Marshawn Lynch

Around 6:45 p.m. EST on January 8, 2011, I was standing in a Downtown Indianapolis studio apartment eating a room-temperature chicken wing and watching the fourth quarter of the Seahawks-Saints wild card playoff game.

The Saints, the heavy favorites, were down by four points, but it seemed inevitable they’d come back and win. Then, with 3:38 remaining, Seahawks quarterback Matt Hasselbeck gave Marshawn “Beast Mode” Lynch the ball. Lynch cradled it like it was worth something and ran.

That’s not quite right. Lynch didn’t run. He detonated. He juked. He pinballed. He sidestepped. He was a ballet dancer one moment, a bulldozer the next. Tacklers bounced off him; flew past him; attached themselves temporarily to him before slipping off like loose clothing.

During that run, Lynch defied laws of reason, physics, and basic human decency. When he reached the end zone, he leapt into the air, spun his body to face his failed assailants, and, as a final coup de grace, grabbed his crotch.

Invincibility affords you that kind of arrogance. Just ask the NFL. Just ask Donald Trump. As brands, they live in Beast Mode. No scandal, no gaffe, no PR snafu, can bring them down. They are America’s most bulletproof brands.

How Does a Brand Go Beast Mode?

Marketing guru Al Ries famously posited that a brand must occupy a position in the consumer’s mind to be successful.

So it follows that to become more than successful—to become invincible—a brand must occupy a position in the consumer’s soul.

The most powerful brands in America—Harley Davidson, Oprah, Apple—have bonds with audiences that border on the spiritual. It’s no coincidence that the NFL has co-opted America’s chief spiritual activity.

For centuries, the western world reserved Sundays for churchgoing. But over the past 50 years, the rituals and activities of weekly religious worship have been replaced by the rituals and activities of NFL Sunday.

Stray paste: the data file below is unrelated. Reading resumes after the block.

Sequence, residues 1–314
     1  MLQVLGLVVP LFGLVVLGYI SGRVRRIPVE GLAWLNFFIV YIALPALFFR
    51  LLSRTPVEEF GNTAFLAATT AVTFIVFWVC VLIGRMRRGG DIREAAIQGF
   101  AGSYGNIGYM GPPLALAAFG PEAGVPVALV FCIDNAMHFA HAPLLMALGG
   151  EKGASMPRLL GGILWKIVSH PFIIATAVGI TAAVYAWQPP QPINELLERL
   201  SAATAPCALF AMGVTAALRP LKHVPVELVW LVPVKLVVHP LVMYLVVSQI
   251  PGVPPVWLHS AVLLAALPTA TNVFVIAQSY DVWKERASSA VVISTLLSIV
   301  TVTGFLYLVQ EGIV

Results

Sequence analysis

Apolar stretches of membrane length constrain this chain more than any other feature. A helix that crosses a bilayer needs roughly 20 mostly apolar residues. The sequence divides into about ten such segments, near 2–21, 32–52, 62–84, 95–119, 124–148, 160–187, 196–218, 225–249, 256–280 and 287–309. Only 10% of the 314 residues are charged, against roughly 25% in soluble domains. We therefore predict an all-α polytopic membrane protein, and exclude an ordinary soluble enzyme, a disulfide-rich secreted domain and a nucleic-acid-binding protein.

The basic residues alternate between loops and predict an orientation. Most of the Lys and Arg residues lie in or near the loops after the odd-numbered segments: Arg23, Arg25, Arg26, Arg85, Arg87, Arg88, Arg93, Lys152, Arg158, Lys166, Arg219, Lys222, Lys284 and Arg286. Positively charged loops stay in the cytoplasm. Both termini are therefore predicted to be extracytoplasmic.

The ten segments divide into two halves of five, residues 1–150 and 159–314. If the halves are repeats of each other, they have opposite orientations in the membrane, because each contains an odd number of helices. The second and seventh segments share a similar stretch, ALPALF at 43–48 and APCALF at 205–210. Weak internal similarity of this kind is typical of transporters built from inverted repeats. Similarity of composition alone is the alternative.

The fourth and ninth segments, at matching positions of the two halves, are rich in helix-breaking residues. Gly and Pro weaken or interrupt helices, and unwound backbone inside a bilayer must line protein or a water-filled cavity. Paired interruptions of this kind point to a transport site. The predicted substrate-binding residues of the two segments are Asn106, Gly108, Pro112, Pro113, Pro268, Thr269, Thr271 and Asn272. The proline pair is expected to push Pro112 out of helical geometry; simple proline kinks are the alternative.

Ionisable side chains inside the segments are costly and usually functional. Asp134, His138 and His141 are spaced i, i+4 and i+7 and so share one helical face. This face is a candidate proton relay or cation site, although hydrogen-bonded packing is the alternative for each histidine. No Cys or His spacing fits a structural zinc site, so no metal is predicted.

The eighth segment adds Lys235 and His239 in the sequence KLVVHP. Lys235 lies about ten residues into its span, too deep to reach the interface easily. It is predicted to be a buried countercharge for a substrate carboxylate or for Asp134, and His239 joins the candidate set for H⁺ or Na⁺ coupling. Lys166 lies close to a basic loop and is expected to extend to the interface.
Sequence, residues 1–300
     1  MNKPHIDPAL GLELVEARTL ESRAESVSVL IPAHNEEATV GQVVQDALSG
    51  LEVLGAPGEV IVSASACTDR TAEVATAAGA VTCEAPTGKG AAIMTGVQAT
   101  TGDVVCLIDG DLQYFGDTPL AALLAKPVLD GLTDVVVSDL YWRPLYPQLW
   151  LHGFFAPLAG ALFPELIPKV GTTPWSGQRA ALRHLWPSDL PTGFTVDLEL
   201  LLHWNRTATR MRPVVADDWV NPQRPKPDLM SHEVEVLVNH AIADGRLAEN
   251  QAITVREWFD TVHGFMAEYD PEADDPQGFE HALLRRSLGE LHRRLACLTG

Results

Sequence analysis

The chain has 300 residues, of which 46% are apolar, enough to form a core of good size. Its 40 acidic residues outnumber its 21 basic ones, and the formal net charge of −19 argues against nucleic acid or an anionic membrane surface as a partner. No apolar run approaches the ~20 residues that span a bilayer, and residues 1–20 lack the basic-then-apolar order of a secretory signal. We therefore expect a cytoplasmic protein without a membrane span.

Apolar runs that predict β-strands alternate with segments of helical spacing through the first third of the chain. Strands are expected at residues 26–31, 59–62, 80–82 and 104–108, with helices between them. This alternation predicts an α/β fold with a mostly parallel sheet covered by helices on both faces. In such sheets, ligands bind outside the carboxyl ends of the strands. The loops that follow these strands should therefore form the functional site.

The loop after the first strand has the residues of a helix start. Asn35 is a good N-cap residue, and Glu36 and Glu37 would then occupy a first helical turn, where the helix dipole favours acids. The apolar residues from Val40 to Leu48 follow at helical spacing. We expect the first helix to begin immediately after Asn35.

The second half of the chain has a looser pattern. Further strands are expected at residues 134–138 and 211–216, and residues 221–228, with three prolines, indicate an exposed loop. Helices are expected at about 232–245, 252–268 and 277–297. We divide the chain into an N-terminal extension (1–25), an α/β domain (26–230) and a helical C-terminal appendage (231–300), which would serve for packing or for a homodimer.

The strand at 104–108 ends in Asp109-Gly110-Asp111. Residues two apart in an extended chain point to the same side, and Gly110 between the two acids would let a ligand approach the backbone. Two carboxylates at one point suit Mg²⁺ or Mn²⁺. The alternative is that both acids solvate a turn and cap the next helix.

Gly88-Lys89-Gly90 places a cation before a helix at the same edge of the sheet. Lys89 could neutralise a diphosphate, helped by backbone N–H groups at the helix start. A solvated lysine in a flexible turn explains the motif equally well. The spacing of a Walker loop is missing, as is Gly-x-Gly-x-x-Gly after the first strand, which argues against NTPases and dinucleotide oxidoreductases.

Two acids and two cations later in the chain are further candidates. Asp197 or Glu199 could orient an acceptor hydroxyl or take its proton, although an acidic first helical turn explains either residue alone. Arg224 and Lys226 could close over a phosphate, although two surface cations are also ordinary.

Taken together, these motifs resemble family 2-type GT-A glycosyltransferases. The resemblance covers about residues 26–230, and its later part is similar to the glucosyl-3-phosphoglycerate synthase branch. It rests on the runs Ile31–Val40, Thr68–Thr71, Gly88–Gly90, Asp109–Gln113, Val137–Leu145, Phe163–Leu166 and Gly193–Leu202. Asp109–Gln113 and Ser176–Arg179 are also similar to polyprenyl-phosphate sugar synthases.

NFL football is more than a hobby for modern Americans. It’s a form of communion. A Facebook post I recently encountered in response to NFL quarterback Colin Kaepernick’s protest of the National Anthem included a comment from a fan who complained that the NFL needed to do something, because thousands of families rely on the NFL every Sunday.


The bond between the NFL and its fans resembles not only religious faith, but chemical addiction. People rearrange their priorities, invent convenient truths, and ignore moral imperatives in order to preserve it.

That’s why it’s somewhat surprising that the Kaepernick’s protest caused such a crisis of faith for some fans. After all, the NFL has committed a litany of far more mortal sins. Like a long-running concussion scandal that, by now, is objectively reprehensible. Like multiple cases of violence against women and children on the part of NFL players—and the league’s abominable handling of it. Like a class action lawsuit filed by 1,500 ex-players claiming the league recklessly pushed painkillers on them. Like stadium deals that enrich already obscenely rich owners at the expense of ordinary taxpayers.

Some fans may be genuinely unaware of these facts. But most of us choose to ignore them for one of two reasons:

  1. Football is an irreplaceable component of our spiritual lives.
  2. The intense pleasure football provides us blots out all feelings of guilt.

Either way, the NFL wins. Again and again.

How Trump Out-Obama’d Obama.

A year ago, I didn’t believe a cartoonish casino mogul and reality TV star could mount a legitimate run at the American presidency.